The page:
Liberal — the word itself makes most Louisianians cringe.
Congressmen Charles Boustany and Jeff Landry are using this negative connotation to their own advantages.
The former Republican allies are now vying for the same congressional seat as a result of redistricting, and the campaign, now a runoff, is getting dirtier by the day.
One Landry television ad in particular ended with the words “Boustany. Liberal.” in white, bold print on a solid black background, forever instilling this message into the spongey minds of viewers.
Boustany, as anyone with a mediocre sense of awareness knows, is not a liberal. He is a conservative and member of the Republican Party.
Landry is also a staunch conservative and a member of the Tea Party caucus.
So I guess if you zoomed in absurdly far on the Republican end of the political spectrum, Boustany would be slightly left of Landry.
Just a tee bit.
These two former allies have showed south Louisiana how to be a politician — being the best shit talker.
Their shared playbook is simple: make the other guy look more liberal by incessantly calling him one.
This phenomenon is by no means solely Republican. We’ve seen it from more Republicans recently simply due to the fact we have a Democratic incumbent as president.
We saw it during the Republican primaries, the perpetual game of who can appear the least liberal.
Why do these individuals, who share almost identical beliefs, partake in such dirty politics? Wouldn’t they be satisfied as long as a Republican occupied the seat?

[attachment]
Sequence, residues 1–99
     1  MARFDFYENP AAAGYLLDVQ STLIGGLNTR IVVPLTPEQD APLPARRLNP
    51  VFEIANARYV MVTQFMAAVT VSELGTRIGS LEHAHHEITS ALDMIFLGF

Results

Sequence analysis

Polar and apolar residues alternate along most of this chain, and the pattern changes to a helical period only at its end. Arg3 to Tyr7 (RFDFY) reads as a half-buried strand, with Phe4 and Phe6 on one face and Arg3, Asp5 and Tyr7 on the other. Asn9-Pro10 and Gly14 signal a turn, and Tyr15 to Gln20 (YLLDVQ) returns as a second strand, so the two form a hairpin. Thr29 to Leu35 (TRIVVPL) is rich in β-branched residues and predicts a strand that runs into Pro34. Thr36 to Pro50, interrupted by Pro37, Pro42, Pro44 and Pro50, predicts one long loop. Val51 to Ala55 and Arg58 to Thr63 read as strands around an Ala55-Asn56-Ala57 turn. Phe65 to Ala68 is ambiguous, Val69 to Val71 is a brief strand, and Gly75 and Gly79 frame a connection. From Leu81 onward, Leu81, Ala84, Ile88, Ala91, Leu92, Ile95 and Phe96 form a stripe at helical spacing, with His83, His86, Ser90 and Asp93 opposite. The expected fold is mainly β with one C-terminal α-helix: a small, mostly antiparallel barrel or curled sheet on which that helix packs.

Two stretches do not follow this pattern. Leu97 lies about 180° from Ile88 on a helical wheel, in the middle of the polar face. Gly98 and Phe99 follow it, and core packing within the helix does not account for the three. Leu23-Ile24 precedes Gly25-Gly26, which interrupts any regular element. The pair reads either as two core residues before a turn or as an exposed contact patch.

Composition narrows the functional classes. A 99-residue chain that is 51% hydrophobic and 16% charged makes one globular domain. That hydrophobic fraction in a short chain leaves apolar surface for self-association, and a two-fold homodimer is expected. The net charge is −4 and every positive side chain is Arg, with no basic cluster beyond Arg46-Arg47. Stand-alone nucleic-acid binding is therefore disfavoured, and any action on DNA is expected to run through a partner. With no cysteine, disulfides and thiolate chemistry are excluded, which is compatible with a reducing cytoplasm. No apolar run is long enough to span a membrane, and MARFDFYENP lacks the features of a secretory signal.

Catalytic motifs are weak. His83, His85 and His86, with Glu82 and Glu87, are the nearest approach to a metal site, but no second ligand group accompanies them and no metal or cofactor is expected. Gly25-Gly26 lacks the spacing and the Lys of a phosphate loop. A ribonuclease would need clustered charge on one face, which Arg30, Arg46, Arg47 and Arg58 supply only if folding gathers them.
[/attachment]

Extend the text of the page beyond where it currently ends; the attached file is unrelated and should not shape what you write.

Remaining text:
The simple answer is no, because politics is first and foremost for the politicians, and if there’s time, the people.
Nothing matters for either Boustany or Landry besides getting elected. You must win to make change, and in order to win (in Louisiana), you have to call the other guy an Obamacare-loving, welfare-supporting socialist to the Leninth power.
The political attitudes of Americans are more polarized now than at any time in recent memory.
This is the problem that I have with both Boustany and Landry: by calling each other liberals, they become liars. They have a shared past, and they are both well aware of the other’s conservative views.
Then the question becomes, do we really want blatant liars representing us in Washington? Do we really want politicians who run down and dirty, mud-slinging, name-calling campaigns to represent more than 600,000 Louisianians?
If the worst they can do is call the other guy a liberal, how much do you think either candidate will be willing to work with actual liberals?
What does that say about us?
This is the reason Congress is in a state of perpetual stagnation. We elect representatives who believe being liberal is some sort of contagious disease.
It’s important that we elect representatives who are willing to work with other representatives from liberal or even socialist backgrounds, as well as other conservatives.
Congress is about compromise, not blocking the other guys from getting anything done.
As for Boustany and Landry, it doesn’t really matter which one gets elected. When it comes to voting, R means Republican.